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'[PIC] Digital Sound'
2008\07\16@144537 by threewheeler7

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i have a project in development that will require around 15 seconds of
pre-recorded audio to be played back, it needs to be of fairly descent
quality. i am using a mid-range PIC for the projects other functions. this
will be my first micro controller based project with audio. i need some
suggestions for some sort of inexpensive solution.  
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2008\07\16@151522 by olin piclist

face picon face
threewheeler7 wrote:
> i have a project in development that will require around 15 seconds of
> pre-recorded audio to be played back,

OK so far.

> it needs to be of fairly descent quality.

Now that's a totally useless statement.

There is no point suggesting schemes until you know what you want.

********************************************************************
Embed Inc, Littleton Massachusetts, http://www.embedinc.com/products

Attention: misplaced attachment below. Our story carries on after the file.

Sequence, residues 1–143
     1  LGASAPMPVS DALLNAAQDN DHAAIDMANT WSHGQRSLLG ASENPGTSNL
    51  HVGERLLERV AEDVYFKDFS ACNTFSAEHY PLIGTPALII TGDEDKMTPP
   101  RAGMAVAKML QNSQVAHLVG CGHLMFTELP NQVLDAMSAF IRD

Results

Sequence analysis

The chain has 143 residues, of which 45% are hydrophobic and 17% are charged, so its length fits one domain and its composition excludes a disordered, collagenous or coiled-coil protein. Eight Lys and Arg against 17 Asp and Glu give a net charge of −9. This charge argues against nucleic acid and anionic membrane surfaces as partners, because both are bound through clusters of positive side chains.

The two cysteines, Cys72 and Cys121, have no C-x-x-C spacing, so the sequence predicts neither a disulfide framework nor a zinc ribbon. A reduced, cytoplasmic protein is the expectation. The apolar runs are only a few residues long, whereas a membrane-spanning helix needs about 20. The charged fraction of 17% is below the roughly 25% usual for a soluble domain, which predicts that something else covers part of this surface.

(978) 742-9014.  Gold level PIC consultants since 2000.

2008\07\16@152818 by Bob Blick

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flavicon
face

On Wed, 16 Jul 2008 15:17:21 -0400, "Olin Lathrop"
<spam_OUTolin_piclistTakeThisOuTspamembedinc.com> said:
> threewheeler7 wrote:
> > i have a project in development that will require around 15 seconds of
> > pre-recorded audio to be played back,
>
> OK so far.
>
> > it needs to be of fairly descent quality.
>
> Now that's a totally useless statement.
>
> There is no point suggesting schemes until you know what you want.

Stern stuff, but I have to agree. For instance, if you've listened to
the output from ISD chips and think that's good enough, that'd be
something to mention. Or if you've experimented with your PC and a
"decent" sound editor and reduced the number of bits(you can fake it by
doing a volume reduction and then raising it back up) and the
bitrate(you can fake it by doing pitch shifting a number of times and
then doing it the other way).

Or maybe just talking about it in terms of telephone/AM radio/etc
quality.

By the way, what did you think about all the servo driving ideas you got
in response to your question the other day?

Cheerful regards,

Bob

--
http://www.fastmail.fm - I mean, what is it about a decent email service?

2008\07\16@163630 by threewheeler7

picon face


well Bob, the servo suggestions helped allot, i did not get a chance to post
results yet.
i know that was way to vague, i have a fine line between price and quality,
somewhere around 22khz would be ideal but i just don't know enough about the
technology to have a grasp of what is possible(or, economical i should say).



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2008\07\16@164725 by William \Chops\ Westfield

face picon face

On Jul 16, 2008, at 12:17 PM, Olin Lathrop wrote: